There are a large number of easily recognizable players I can come up with that have horrible career rebounding and assist numbers – but scored at a good clip(more than 20 points per 48 minutes) and shot well from distance. Were they overrated? Did I fall for the hype? Using my limited available data, I’ll try to figure it out soon(unless I can convince Dave Berri of the Wages of Wins to do it first. I challenge you, Dave Berri!).

Some of the players I’d like to evaluate who at first glance look like they may be overhyped: Chris Mullin(38 3pt%), Mitch Richmond(39 %), Allan Houston(40%), Reggie Miller(39%), Drazen Petrovic(44%), Good ol’ Dell Curry(40%), Rick Barry(41%), Coach Byron Scott(37%), Joe Dumars(38%, 3 rebounds per 48 minutes. Seriously? Dude, you’re 6’4″), Hersey Hawkins(39%), Dennis Scott(40%).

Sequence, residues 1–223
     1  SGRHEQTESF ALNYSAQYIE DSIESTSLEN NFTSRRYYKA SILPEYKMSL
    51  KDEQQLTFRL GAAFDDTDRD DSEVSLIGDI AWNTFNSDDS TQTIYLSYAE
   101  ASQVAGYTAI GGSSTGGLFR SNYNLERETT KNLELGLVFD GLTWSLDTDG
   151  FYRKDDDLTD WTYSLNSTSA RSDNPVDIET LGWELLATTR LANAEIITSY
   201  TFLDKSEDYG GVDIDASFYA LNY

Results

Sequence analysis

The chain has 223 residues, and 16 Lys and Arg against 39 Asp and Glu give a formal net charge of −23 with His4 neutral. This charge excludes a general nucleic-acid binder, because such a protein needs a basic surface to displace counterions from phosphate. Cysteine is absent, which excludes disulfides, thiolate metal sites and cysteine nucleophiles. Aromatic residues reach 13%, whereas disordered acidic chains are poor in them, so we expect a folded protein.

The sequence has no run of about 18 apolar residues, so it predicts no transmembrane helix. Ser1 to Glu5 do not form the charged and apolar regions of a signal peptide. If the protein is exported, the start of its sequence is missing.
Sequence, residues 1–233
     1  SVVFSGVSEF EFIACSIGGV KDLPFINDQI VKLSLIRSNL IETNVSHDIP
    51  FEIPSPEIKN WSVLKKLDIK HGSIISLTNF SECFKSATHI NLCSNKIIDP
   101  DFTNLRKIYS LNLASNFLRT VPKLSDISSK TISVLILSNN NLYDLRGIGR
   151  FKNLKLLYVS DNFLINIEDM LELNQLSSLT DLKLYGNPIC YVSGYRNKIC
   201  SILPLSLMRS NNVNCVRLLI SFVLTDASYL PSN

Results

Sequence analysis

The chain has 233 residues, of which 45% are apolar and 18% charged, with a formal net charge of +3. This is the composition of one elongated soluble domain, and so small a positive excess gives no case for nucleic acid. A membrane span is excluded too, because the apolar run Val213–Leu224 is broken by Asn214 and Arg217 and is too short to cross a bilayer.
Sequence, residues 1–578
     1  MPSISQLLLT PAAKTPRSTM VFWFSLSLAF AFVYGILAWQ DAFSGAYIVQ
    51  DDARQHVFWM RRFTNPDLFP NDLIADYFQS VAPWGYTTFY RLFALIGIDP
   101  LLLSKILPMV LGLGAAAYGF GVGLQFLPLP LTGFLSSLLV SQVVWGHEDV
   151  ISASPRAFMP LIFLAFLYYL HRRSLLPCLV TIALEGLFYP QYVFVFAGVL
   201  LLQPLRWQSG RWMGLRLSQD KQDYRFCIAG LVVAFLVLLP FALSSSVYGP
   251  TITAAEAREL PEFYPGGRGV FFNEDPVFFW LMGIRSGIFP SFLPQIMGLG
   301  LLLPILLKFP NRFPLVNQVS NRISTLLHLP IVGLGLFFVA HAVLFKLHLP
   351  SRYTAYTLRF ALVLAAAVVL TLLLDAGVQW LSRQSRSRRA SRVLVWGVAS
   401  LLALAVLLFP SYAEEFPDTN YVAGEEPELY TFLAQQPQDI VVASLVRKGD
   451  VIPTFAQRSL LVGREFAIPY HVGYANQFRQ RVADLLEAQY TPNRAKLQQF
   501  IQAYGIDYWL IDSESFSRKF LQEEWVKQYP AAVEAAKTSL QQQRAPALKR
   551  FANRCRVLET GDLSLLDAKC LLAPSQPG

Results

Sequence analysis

Still – I can’t say I wouldn’t welcome any of those players on the team right now, with the rock bottom shooting percentages we’re seeing.

If I am reading this correctly, this is the question Schwan is asking: Are Chris Mullin, Mitch Richmond, Allan Houston, Reggie Miller, Drazen Petrovic, Dell Curry, Rick Barry, Byron Scott, Joe Dumars, Hersey Hawkins, and Dennis Scott overhyped scorers? 

Productive and Non-Productive Scorers

Last August, when Miller and Houston were threatening to come back into the NBA, I looked at the career performance of these two shooting guards.  This analysis demonstrated that Miller was not only a prolific scorer, but also a prolific producer of wins (a point I had earlier made in July of 2006 in the post – Scorers and Wins Produced).  In contrast, Houston was just a prolific producer of points.